Education has become a costly affair with the rise in the demographics of children and young adults in the Indian educational system. The Indian education sector has seen high growth in the past two decades with parents looking to admit their children into English medium schools. The rise in private schools training young children in the foreign language, along with teaching them moral education and modern etiquettes, appealed to the rising Indian middle class. This also led to the number of students passing 12th every year. In the subsequent days, new private graduation and post graduation institutes and universities have been established following norms laid down by Government regulated norms and principles.
Such an increase in the number of students to an average of 45-50 students in a batch has resulted in a lack of attention to individual students. In this edition of Startup Sunday, we the Entrepreneurship Cell got an opportunity to talk to the CEO/Founder of one such startup which is working towards making quality education accessible & affordable to every child from the best teachers across India.
“In an emergency, what treatment is given by ear? Words of Comfort.” said Abraham Verghese
Long-term medical care, whether it be for the sick or recuperating post-surgery or the aged, is best carried out in the environs of the home, for reasons of patient-comfort, logistical convenience and economy. But to constantly monitor the condition of the patient and provide Medicare at the appropriate time, the two vital requirements are professionally-competent personnel and optimal use of technology.
Though nascent in India, home health care service providers are using both these components to good use to make their mark. But India hasn’t grown much in this sector, because in India, the old and sick are taken care of by family members. Our society generally looks down upon families that seek outside help to take care of their sick and bedridden elders.
So, is India ready for professional home healthcare providers?
Entrepreneurship is a journey which begins with a vision and keeps the person going miles and miles of success. But it gives a delight when you can create an impact on society by your start-up. Many social entrepreneurship are such examples where the vision is not just doing business but to impact the lives of many.
This Sunday we are presenting the story of one such Start-up that has changed the standard of living of many in the rural household- Frontier Markets Continue reading “Startup Sunday || Season 3 Episode 20 || (Frontier Markets – The Social Entrepreneurship)”
A week into Conventus’18 where IMI New Delhi saw some of the best industry stalwarts come and put forward their valuable insights on innovation, the question we all have in mind is whether the boon from innovation would really trickle down to the lowermost sections of the Indian demography. The new age Indian startups are mostly tech-based and are working towards catering the needs of the emerging middle class of India in its urbanized clusters. Whether it is the e-commerce platforms, car rentals or food delivery services for that matter, the unicorns of the Indian startup ecosystem are mostly reaching out to the consumers in Urban India. Moreover, most of these unicorns have high funding from foreign Venture capitalists and banks to run their operations. This brings forth the long-term debate of the Make in India versus the Make for India initiative. Continue reading “Startup Sunday Season 3 Episode 11 (Immediate need for Agri-tech startups in India)”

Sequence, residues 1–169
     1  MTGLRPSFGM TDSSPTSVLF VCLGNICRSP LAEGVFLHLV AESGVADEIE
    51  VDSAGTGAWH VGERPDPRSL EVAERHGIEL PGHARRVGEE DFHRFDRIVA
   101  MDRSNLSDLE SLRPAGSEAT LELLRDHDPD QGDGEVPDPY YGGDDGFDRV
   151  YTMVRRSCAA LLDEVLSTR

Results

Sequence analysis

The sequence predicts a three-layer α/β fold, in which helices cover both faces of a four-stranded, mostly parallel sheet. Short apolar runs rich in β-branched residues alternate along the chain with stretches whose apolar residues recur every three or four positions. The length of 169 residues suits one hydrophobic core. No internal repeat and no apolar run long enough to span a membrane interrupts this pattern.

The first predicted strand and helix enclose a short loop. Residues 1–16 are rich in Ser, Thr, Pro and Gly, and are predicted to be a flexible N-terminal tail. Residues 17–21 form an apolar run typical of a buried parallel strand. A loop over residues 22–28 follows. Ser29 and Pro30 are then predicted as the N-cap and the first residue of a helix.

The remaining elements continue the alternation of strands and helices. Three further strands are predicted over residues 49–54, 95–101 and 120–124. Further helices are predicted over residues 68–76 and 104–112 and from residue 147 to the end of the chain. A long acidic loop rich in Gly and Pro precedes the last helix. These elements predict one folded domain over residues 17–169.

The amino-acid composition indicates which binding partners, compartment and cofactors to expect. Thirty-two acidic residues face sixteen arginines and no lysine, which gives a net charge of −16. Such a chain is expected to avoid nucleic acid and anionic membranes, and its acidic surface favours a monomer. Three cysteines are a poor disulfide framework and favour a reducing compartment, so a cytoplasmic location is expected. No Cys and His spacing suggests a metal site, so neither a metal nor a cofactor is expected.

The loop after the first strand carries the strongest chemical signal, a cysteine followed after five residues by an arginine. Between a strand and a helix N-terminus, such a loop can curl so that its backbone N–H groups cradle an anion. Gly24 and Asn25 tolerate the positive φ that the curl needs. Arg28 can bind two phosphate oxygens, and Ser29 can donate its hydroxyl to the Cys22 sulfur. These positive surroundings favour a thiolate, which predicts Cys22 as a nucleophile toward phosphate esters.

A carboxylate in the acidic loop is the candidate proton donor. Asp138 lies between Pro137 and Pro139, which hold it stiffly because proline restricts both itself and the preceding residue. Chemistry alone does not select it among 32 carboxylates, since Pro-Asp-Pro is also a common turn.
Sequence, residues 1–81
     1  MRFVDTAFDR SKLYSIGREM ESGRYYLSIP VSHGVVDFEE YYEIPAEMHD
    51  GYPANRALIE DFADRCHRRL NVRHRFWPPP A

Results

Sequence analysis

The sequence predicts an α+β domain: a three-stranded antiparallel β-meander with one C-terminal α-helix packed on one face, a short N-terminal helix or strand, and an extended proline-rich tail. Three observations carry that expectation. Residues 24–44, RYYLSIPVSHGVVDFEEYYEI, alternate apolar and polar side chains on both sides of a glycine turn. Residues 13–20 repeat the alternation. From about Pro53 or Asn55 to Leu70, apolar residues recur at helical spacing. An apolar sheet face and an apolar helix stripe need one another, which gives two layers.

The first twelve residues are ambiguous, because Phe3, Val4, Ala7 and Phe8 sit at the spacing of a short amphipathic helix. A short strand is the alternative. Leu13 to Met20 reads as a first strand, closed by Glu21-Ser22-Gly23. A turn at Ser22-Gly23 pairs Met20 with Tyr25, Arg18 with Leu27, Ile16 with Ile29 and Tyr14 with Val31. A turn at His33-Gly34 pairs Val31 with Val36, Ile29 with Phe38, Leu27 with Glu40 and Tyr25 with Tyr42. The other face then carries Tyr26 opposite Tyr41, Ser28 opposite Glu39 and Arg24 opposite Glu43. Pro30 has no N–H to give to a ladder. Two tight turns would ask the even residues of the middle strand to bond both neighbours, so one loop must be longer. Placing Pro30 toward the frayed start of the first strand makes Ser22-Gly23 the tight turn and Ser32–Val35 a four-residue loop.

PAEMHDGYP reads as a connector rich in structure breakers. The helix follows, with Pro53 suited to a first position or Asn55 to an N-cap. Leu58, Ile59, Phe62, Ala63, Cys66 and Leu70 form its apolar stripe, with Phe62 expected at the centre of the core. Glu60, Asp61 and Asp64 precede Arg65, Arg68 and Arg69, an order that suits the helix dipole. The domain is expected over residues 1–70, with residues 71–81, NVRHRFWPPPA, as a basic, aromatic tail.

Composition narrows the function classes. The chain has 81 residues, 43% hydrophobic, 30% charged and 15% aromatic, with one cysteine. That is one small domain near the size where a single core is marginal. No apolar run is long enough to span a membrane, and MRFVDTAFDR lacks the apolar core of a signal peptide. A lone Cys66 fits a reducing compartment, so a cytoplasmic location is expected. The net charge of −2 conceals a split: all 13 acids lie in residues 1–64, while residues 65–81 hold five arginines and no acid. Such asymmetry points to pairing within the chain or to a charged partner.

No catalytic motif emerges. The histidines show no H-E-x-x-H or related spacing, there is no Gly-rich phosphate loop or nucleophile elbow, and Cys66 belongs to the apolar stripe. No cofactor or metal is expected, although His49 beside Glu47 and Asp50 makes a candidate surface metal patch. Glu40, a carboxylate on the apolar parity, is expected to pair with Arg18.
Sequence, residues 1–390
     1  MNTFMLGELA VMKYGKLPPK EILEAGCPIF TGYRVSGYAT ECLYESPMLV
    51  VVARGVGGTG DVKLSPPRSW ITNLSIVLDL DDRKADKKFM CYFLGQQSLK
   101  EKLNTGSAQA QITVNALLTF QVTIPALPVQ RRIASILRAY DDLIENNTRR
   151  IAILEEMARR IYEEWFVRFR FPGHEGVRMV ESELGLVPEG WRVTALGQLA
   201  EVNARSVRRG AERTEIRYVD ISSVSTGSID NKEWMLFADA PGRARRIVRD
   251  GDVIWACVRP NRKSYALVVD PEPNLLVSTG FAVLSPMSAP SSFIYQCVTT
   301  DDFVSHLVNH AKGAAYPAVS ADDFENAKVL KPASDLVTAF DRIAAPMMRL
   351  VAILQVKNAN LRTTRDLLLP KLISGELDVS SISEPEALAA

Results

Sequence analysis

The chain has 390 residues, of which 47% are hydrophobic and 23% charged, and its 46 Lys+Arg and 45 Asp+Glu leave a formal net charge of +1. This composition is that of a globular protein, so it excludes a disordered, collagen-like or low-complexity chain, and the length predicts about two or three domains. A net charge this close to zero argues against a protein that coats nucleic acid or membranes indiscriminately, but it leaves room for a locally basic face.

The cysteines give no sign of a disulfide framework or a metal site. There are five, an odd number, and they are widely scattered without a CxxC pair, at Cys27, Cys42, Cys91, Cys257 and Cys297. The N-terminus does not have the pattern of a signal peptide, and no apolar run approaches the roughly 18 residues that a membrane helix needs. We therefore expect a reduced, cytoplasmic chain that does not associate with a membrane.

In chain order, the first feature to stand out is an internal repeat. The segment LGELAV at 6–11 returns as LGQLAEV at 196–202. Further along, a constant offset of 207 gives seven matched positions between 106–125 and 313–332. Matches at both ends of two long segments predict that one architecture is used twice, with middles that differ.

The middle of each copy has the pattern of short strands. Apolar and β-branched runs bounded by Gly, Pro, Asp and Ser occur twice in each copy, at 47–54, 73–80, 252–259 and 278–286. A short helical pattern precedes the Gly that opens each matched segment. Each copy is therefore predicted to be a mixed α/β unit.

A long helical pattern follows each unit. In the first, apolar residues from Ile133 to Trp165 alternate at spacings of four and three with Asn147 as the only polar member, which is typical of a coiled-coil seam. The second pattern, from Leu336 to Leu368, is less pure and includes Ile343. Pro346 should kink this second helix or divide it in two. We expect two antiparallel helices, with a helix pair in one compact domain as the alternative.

Barter is a concept that has been with us from time immemorial. The human civilization started when there were no currencies. The concept of trade started with bartering things. And in current times, we often find ourselves reaching out for the basics.
Today’s Sunday story is about one such startup which brings back the age old barter system in a digital avatar!
Let’s Barter is the largest community-driven startup for secure online bartering. Let’s Barter was founded by Pooja Bhayana (a communication graduate) and Sahil Dhingra (a BBA graduate) in October 2015. It started on social media platform as a Facebook group to facilitate barter and trade among the community. Lets Barter has made bartering as easy as adding a listing for your product on a mobile app!
Headquartered in Delhi, Let’s Barter is making a protected and secure community to barter in the most convenient way possible.
Qrius earlier started as ‘The Indian Economist’ back in January of 2013 is a leading digital magazine that focuses on publishing high quality articles and opinion pieces on business & economics, policy, politics, culture, foreign affairs and more.
With a broad range of In House Analysts, Contributors from around the globe, and over 100 content sharing partnerships with organisations from across the world, they aim to present to the reader a unique perspective on the most important issues of the day in various fields. Their Moto is ‘For the curious Mind’ as they developed Qrius into forum where curious minds meet and discuss a diverse range of subject areas that affect business, politics and society in general.
Entrepreneurship Cell got an opportunity to interview Mr Manan Vyas founder of Qrius, and brings to you the story of Qrius this Sunday
While there are many among us who donate money or in-kind to NGOs if we are convinced that our contribution is in good hands, some shy away because they doubt whether their donations will be put to right use.
This Sunday we bring you the story of two engineers who, motivated by the social causes and needs in our society, set up a platform that help link the donors with the NGOs in a systematic and transparent way.
DONATE PRODUCTS IN NEED TO CHARITIES INSTEAD OF MONEY